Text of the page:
Single Digit E1T Clock

  
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To me the E1T counting tube is unmistakably one of the most intriguing tubes ever made. It was invented and developed into a product by Philips in the period 1946-1954. On one of my other pages I have posted an in-depth study of it`s origins. It has long been my whish to build a clock with this wonderful device. One of the problems of making a clock from this tube is it`s limited lifetime.
Single Digit E1T Clock - schematic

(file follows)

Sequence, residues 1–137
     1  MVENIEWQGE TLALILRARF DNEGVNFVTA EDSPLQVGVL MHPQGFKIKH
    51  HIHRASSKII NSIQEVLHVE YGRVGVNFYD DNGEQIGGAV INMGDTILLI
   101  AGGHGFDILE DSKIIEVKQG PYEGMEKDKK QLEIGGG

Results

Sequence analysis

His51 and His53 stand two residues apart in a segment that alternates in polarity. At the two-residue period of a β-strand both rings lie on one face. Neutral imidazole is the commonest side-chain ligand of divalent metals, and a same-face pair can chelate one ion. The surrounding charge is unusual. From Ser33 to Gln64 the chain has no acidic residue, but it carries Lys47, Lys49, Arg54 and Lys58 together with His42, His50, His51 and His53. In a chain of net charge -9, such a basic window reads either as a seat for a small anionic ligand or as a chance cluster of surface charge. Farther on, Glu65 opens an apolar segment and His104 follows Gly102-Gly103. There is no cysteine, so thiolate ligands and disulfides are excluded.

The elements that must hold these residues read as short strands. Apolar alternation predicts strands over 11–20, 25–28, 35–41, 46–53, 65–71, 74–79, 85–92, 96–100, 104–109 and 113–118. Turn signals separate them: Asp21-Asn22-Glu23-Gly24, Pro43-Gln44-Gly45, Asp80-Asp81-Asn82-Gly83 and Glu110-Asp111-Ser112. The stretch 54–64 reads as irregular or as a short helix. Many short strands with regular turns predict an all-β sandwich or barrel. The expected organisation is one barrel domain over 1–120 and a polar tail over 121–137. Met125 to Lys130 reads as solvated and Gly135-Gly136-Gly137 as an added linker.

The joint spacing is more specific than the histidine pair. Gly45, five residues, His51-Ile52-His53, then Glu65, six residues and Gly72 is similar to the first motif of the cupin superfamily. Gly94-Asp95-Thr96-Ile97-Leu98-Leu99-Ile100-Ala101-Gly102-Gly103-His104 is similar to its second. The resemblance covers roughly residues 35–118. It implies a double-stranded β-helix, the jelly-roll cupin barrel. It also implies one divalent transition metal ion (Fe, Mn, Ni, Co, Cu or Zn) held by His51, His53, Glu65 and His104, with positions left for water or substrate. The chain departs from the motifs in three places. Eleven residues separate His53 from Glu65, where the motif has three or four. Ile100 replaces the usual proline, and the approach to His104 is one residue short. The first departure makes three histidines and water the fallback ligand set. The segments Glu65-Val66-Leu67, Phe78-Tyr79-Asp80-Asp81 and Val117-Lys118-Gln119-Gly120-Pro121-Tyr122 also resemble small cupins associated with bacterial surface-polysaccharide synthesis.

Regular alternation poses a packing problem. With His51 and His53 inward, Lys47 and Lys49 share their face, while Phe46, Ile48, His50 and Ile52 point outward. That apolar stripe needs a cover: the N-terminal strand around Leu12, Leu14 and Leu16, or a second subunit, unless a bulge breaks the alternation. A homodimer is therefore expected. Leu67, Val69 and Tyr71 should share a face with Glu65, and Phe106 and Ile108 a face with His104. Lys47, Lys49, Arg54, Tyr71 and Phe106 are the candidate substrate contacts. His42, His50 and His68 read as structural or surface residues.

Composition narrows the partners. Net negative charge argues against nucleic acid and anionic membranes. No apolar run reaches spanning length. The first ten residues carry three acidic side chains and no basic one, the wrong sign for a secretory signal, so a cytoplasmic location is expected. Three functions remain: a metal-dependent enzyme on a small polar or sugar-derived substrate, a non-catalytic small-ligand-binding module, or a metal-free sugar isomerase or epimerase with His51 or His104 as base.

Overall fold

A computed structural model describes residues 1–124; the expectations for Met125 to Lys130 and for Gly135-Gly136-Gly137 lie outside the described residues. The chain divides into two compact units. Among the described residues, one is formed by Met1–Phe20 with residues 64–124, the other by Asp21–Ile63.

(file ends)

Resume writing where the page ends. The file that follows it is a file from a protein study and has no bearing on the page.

The E1T was designed for high-speed counting in measurement equipment. This was achieved by using an electron beam as opposed to a glow discharge as used in the competing decatron. This implied the use of a filament heated cathode, and unfortunately even the best filaments have a limited life expectance of ca. 10. 000 hours (1. 2 year). One of the ways to improve the life expectancy is to reduce the filament temperature. Obviously this will reduce the emission, and hence the beam current. It appears that for this application, where only low speed counting is required, a lower beam current is no problem at all. The other obvious measure to improve the life time of the tube is to simply switch it off when it is not used. In general, the frequent on/off switching of filament heated tubes is not a good idea. A cold filament has a significantly lower resistance than a heated one. This will cause a high start-up current resulting in high mechanical stresses during the heat-up phase. This is the reason that many tubes (and light bulbs) die the moment they are switched on. In this clock the filament is not completely switched off, but kept heated at a very low level, resulting in strongly reduced thermally induced stresses. Two mechanisms determine when the tube is actually switched on and off. In the first place the user has to select one out of eight profiles  upon initialization. Each of these profiles determines during which...



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